Leaving Crawley has always been mercifully easy.
I was born in a house beside the A23 in Crawley, exactly halfway between Gatwick airport and the current Crawley Town FC ground, and soon discovered that the planners of the post-war New Town "fit for heroes" had done hitch-hikers a favour by installing what was then the UK's finest collection of roundabouts, maximising the lift prospects for any teenager keen to escape.
Today, Crawley assists anyone longing to be elsewhere. Within the boundaries of the West Sussex town lies Gatwick, the world's busiest single-runway airport. It is the UK arrival point of choice for popes and presidents, and the main hub for Britain's biggest airline, easyJet. The world's first integrated airport terminal, "The Beehive", was opened at Gatwick in 1936 (though it has since been converted to an office). And the hub of the UK travel industry resides in the Crawley Business Centre, corporate home for the world's leading leisure travel company, Tui, as well as Virgin Atlantic.
As the departure screens in Gatwick's North Terminal testify, wherever you want to go – from St Lucia to Sri Lanka – Crawley is the best place to start. The town of 80,000 may not resemble a sun-kissed tropical idyll, but it is a gateway to many of them.
Today, though, one in nine of the townspeople will head north through the rain to Old Trafford. Crawley Town FC, which was on the brink of bankruptcy only a year ago, are the first non-league team this century to reach the fifth round of the FA Cup.
After beating League opposition in the shape of Swindon Town, Derby County and Torquay United, they were drawn against the Premier League leaders, Manchester United. Nine thousand tickets at the most famous club ground in the world have been allocated to supporters of a team whose home venue holds barely half as many.
Crawley Luxury, the ambitiously named local coach company, is sending most of its fleet up the M23 and M6. "It's the busiest winter weekend we've ever had," said co-owner Darren Brown, who will drive one of the buses.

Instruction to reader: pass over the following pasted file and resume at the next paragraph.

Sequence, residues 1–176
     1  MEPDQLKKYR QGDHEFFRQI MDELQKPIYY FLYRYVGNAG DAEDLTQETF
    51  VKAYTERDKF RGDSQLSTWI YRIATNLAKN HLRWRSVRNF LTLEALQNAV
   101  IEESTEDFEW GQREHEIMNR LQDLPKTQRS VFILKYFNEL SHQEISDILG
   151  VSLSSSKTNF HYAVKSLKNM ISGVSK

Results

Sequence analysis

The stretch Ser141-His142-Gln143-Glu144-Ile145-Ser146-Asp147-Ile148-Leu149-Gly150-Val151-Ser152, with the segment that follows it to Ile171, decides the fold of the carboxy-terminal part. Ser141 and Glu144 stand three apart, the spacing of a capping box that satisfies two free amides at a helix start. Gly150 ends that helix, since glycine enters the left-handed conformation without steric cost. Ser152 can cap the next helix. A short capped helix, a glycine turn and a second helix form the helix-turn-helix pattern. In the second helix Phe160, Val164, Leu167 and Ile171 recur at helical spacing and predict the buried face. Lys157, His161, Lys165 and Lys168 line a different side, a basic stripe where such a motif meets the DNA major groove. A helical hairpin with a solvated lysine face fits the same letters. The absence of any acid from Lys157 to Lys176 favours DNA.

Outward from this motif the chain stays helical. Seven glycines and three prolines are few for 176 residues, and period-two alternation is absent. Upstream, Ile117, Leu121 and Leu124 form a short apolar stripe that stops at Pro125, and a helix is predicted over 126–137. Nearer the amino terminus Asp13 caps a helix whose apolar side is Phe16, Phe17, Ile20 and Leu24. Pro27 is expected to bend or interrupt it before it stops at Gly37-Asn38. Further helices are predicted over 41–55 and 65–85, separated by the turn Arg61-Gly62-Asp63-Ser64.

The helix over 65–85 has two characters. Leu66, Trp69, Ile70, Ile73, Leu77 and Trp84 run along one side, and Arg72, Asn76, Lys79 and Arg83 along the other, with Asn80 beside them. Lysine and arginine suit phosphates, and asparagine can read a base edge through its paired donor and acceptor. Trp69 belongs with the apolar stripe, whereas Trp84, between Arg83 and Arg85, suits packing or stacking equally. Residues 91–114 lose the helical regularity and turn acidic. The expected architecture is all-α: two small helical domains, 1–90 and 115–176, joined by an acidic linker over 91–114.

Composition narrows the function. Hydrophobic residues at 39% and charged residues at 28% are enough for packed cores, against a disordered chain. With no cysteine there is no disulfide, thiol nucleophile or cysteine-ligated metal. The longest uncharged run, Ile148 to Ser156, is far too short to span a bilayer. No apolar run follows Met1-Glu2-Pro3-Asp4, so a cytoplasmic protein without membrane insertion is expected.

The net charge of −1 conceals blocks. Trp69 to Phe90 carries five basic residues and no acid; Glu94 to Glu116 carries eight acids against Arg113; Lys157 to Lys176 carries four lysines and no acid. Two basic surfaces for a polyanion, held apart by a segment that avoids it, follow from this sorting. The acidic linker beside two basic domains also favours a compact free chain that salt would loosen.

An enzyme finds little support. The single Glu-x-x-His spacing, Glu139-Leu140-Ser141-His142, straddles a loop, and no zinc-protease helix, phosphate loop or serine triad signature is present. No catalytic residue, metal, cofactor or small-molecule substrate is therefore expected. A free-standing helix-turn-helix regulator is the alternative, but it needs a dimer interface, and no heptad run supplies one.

The High Street is the cultural artery, though progress has taken its toll on Crawley's heritage. The Starlight Ballroom, where Jimi Hendrix played at the height of his career in 1967, has been flattened (along with the original Virgin Atlantic HQ), and is now a car-park. The High Street formed part of the old highway between London and Brighton, though the old coaching inn, The George, has been rebranded as the Gatwick George Hotel because of changing transport habits, and the lack of comprehension in the wider world that there is a town called Crawley.
Indeed, a constant challenge for Crawley folk heading abroad is the town's lack of visibility. It has rarely been troubled by cults of celebrity in the same way as, say, Stratford-upon-Avon or Liverpool: the five "Famous Faces" in the latest Crawley Observer begins with footballer Gareth Southgate and ends with Eugene Sully, a former Big Brother contestant. But as fantasy home-town splashes go, "Manchester United drawn at home against Crawley Town in the FA Cup fifth round" ranks along headlines such as "Crawley twinned with Las Vegas" or "Bruce Springsteen and Madonna to settle in Crawley".
Steve Evans, Crawley Town's manager, said: "It's going to be the most difficult thing ever, but we're going to try." The extra challenge of meeting the world's most famous football team away from home will be mitigated by the estimated £1m that the club will earn.